When any of us, even the most distant and uninterested in scientific topics, are forced to think about physics, the name that comes to mind is always that of Albert Einstein.
Einstein was born in Ulm in 1879. He had an unhappy childhood: German society at that time was extremely repressive and moreover anti-Semitism was beginning to take root, and Einstein was of Jewish origin. For these reasons and because of a setback in family fortunes, Albert spent a nomadic existence in Italy and in Switzerland. His youth was characterised by a total intolerance for authority, including that of the universities, so when he graduated he found no better employ than that in the patents office.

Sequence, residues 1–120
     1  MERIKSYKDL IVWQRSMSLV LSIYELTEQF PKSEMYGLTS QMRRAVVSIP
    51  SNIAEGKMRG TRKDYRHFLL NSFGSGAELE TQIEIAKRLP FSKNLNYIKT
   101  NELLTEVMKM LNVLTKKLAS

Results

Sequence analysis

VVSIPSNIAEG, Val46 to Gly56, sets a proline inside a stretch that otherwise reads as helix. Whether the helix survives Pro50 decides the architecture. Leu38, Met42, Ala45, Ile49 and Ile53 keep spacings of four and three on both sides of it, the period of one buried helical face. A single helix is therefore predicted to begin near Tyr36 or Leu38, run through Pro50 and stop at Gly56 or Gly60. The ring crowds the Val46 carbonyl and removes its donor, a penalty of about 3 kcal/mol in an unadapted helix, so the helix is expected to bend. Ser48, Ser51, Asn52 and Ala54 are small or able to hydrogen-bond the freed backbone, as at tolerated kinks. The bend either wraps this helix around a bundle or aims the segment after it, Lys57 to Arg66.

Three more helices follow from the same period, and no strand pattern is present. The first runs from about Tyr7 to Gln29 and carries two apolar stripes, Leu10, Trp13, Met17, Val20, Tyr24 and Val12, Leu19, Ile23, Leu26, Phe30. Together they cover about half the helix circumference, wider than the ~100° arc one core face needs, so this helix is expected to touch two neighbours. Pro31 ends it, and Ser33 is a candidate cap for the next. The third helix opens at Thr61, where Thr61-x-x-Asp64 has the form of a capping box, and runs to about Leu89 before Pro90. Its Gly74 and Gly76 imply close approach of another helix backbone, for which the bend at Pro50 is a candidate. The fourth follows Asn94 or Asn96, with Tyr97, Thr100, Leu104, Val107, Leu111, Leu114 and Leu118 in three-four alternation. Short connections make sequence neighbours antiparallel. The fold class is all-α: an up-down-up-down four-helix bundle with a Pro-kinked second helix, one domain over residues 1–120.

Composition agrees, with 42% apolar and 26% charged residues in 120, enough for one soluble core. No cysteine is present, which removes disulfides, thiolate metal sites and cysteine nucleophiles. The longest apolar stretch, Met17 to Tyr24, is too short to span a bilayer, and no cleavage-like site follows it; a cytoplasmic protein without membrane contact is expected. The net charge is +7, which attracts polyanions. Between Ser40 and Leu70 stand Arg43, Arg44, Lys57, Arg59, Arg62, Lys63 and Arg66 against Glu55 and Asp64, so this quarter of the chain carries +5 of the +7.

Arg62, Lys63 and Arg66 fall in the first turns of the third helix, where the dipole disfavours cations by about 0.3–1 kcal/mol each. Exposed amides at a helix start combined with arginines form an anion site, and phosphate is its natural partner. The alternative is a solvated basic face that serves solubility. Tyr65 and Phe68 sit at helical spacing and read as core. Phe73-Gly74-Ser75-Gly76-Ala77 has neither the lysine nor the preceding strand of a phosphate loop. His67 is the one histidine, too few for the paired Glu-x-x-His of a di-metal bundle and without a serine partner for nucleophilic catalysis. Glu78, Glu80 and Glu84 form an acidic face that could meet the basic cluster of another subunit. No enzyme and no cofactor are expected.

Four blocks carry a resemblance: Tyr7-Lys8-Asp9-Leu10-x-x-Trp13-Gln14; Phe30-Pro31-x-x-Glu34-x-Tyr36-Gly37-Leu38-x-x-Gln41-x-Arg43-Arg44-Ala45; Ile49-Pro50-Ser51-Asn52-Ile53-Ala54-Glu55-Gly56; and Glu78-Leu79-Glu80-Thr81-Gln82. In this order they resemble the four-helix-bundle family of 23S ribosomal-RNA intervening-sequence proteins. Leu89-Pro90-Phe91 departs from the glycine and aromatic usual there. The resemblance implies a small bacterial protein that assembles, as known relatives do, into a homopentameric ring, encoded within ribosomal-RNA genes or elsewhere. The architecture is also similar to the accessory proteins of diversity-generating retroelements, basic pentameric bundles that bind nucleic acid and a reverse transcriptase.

It was exactly at that time that Einstein laid the foundations for his scientific theory, that of relativity, which was to revolutionise our vision of space and time, and which was to lead to the fascinating equivalence between mass and energy, the law E=mc2. But Einstein’s importance, as one of the great genii of humanity, was beyond physics: his radical pacifism, his criticism of capitalism, his declared opposition to McCarthyism, all speak of a man who participated in the drama of his own and our times.